During the AMF treatment, neither type of MNPs leads to an obvious temperature rise. This is because of the low power and low frequency of the device relative to the commonly used thermal therapy device [18, 19]. When 0.1 g solid MNPs powder was placed in the center of the AMF-generating device, the maximal temperature rise was 1.7°C. It is known that the required temperature for irreparable cell damage during hyperthermia therapy should be no less than 43°C [20, 21]. Additionally, the relative small mass fraction of MNPs was used in the treated unit. Therefore, this marginal temperature rise suggested that the thermal injury could be neglected in this study.
Cell cytotoxicity and characterization of cell loading
HeLa cells incubated with either spherical or rod-shaped MNPs exhibited no signs of toxicity at any of the three concentrations. Meanwhile, the rMNPs promoted cell proliferation slightly, as like as the results of previous research by Tomitaka et al.. After 20 h incubation in medium containing MNPs, the amount of MNP intake by the single cell reached the peak. sMNPs (85%) and rMNPs (89%) were loaded by HeLa cells at the concentration of 100 μg/mL. As shown in Figure 3a,b, abundant MNPs were embedded in the HeLa cell membrane. The majority of the MNPs are distributed evenly while the minority forming clusters. Optical images (Figure 3c,d) showed that majority of MNPs are distributed on the cellular surfaces. TEM images of cell ultramicrocuts (Figure 3e,f) revealed that part of the MNPs were incorporated into the cells' cytoplasma and were distributed evenly.
Cell viability after AMF treatment
In this study, AMF treatment was approved of an obvious inactivation effect on MNP-loaded HeLa cells. As shown in Figure 4, forced vibration of MNPs mechanically destroys the cell membrane structure, leading to apoptosis. After AMF treatment, the relative viabilities of the MNP-loaded cells generally decreased. The effect of mechanical damage was not fully shown at the beginning period of AMF treatment. However, the efficiency increased because of the cumulative effect of mechanical oscillations. Hence, longer AMF treatment period is required in practice. Meantime, the amount of MNP loading heavily influenced the inactivation effect as well. Take the 2-h treatment as an example, at the concentration of 20 μg/mL, the decreasing rates of sMNP-loaded cells and rMNP-loaded cells were 3.7% and 1.5%. No significant effect of oscillating MNPs in killing cancerous cells was observed. At the concentration of 100 μg/mL, the corresponding decreasing rates were 11.7% and 30.9%, proving the morphological effect of MNPs. While at concentration of 500 μg/mL, 12.5% and 13.9% HeLa cells were killed by spherical MNPs and rod-shaped MNPs, respectively, but no significant difference was observed as well. The details of cell viability relative to AMF treatment time were shown in Figure 5. For the three concentrations of MNPs in this study, only the medium concentration was demonstrative of the morphological effect. For the interesting phenomenon that medium concentration was more suitable than higher or lower ones, we assume that it could be explained by the following two aspects. Firstly, the power of the device used in this study was too low to drive MNPs in high concentrations to oscillate inside cells or tissue efficiently and simultaneously, and too many particles in AMF had mutual restraint effect if they assembled in clusters, especially for rod-shaped MNPs. On the contrary, with low intake of MNPs, it was hard to effectively influence cell viability by mechanical oscillations.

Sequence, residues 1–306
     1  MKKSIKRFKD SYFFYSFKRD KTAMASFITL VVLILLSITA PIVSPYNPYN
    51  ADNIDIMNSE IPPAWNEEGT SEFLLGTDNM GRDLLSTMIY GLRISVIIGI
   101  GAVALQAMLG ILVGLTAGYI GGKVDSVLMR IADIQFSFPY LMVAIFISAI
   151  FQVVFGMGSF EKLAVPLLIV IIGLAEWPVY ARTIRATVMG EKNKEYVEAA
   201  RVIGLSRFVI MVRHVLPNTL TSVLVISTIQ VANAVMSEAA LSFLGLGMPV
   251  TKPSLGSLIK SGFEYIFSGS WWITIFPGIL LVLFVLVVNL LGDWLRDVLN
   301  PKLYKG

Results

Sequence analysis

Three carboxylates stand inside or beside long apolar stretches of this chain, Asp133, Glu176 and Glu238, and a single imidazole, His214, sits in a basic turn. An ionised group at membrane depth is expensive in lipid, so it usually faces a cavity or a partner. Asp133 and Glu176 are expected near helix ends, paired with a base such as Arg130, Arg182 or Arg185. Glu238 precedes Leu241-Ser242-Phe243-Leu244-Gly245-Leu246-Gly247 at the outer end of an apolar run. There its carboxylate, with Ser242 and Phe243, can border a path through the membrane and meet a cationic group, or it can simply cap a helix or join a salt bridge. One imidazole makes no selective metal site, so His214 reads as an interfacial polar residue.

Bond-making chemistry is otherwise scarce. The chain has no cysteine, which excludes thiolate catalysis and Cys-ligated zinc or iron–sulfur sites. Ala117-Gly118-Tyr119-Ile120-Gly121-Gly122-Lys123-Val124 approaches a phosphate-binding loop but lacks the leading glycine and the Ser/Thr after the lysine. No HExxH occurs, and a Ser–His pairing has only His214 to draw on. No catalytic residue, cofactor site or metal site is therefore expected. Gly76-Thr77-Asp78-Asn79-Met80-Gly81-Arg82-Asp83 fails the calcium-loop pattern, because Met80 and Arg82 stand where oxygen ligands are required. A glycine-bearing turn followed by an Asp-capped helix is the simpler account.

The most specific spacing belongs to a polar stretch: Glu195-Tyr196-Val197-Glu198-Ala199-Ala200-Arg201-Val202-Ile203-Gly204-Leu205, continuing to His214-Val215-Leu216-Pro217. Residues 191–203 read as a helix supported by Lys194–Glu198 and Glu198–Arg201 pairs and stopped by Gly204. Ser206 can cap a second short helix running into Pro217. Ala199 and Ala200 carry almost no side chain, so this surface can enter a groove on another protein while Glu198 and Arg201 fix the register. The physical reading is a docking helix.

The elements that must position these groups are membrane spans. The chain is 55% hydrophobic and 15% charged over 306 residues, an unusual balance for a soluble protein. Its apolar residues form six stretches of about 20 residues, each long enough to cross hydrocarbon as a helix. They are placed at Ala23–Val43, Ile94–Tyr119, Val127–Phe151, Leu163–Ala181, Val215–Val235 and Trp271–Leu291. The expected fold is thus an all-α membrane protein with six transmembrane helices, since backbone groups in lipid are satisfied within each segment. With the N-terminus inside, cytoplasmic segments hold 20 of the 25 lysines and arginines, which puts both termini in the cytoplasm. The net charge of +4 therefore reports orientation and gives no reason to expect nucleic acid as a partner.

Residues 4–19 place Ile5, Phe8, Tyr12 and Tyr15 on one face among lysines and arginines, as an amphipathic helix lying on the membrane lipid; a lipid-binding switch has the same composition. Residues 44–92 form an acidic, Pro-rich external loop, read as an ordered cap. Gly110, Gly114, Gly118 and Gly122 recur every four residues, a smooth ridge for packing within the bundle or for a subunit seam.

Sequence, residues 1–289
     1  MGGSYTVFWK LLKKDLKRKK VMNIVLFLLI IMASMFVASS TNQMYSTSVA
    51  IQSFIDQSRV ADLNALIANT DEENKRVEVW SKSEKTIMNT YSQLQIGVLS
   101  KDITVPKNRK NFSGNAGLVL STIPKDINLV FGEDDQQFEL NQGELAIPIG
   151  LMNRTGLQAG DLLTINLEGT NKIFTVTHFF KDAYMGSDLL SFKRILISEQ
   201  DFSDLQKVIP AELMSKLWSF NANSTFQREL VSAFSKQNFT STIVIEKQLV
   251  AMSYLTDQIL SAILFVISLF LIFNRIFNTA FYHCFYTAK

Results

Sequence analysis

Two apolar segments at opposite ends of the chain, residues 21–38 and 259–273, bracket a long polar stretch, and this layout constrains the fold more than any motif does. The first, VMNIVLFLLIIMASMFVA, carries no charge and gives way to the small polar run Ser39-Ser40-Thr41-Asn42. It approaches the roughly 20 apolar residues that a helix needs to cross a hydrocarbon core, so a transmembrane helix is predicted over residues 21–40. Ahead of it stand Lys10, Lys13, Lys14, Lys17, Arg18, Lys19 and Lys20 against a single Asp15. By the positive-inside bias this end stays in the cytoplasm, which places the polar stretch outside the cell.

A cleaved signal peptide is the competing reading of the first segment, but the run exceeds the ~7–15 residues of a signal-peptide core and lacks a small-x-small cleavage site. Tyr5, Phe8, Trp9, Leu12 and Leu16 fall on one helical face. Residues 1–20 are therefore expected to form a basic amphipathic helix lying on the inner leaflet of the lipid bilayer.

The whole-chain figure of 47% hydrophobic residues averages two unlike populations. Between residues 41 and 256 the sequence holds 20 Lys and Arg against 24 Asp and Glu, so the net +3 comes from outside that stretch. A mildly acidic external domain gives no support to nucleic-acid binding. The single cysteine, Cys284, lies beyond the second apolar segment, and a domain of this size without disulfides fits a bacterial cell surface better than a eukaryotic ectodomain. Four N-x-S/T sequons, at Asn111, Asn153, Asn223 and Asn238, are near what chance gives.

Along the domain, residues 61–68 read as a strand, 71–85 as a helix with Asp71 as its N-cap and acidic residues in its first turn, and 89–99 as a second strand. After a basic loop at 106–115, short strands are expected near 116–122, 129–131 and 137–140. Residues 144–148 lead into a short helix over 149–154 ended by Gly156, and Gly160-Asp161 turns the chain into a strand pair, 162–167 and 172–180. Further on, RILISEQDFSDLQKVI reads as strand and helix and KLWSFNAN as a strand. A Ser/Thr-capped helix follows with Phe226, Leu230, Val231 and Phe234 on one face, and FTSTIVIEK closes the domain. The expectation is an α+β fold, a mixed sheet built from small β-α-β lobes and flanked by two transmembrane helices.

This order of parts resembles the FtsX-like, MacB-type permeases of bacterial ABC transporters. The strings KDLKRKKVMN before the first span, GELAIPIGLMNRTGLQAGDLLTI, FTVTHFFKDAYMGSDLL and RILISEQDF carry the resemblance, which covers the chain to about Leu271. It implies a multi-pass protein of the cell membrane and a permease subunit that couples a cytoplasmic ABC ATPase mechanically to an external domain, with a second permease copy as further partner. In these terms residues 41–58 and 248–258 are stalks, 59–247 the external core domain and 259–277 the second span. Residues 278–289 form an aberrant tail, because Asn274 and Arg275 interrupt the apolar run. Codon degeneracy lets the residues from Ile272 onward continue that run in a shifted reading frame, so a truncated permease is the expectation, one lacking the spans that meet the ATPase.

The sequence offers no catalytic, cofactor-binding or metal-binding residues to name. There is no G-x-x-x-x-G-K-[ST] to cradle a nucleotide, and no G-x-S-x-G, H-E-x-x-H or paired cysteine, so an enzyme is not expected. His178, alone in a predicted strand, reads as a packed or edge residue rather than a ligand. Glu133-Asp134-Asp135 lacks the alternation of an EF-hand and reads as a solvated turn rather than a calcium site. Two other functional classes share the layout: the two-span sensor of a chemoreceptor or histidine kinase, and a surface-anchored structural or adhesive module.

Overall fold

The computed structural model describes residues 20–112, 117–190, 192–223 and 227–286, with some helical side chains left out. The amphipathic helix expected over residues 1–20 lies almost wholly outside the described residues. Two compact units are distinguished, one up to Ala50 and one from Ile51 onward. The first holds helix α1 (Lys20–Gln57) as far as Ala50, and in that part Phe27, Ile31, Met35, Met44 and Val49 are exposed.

It is supposed that MNPs embedded into the cell membranes mainly contributed to cell death by destroying the membranes. Cell dyeing is indicative of cell membrane damage. In this study, trypan blue assay, which was sensitive to permeability of membranes, was further used to verify the observed morphological effect at the concentration of 100 μg/mL. As shown in Figure 4, the HeLa cells that were incubated with 100 μg/mL rod-shaped MNPs appeared to have a loose cell structure after 2 h AMF treatment. For the 2-h groups, 39.47% of the rMNP-loaded cells were stained, while only 15.13% of sMNP-loaded cells were stained. Details of trypan blue staining were shown in Figure 6. This result is consistent with the observed decreases in cell viability. In a previous research, the concentration- and time-dependent damage of iron oxide MNPs to cell membrane injury was observed as well , supporting the concentration dependence of this study. The morphological effect was fully shown in this situation: rod-shaped MNPs pre-incubated with 100 μg/mL and placed in AMF for 2 h or more.
Mechanisms of morphological effect
The results showed that MNP morphology and concentration have an important influence on the cell inactivation effects of AMF-assisted forced vibration of MNPs. The differences in cell inactivation efficiency may result from the difference of driving force moment. Relatively asymmetric morphology, such as rod-shaped, leads to greater magnetic torque, more intense oscillation and a larger involved area in AMF as shown in Figure 7. The morphological effect was indirectly reflected by the coercivity of the MNPs as well, which is related to the demagnetization effect. Though the saturation magnetic inductions were similar, the coercivity of the rod-shaped MNPs was 110.42 Gs, which is twice as much as the coercivity of the spherical MNPs (53.185 Gs). This suggests that the vibrations of rod-shaped MNPs consume more energy, i.e., more energy is used for mechanical movement when compared with the spherical MNPs. Additionally, the difference between sMNP and rMNP intakes (85% vs 89%) by HeLa cells may contribute to the morphological effects as well.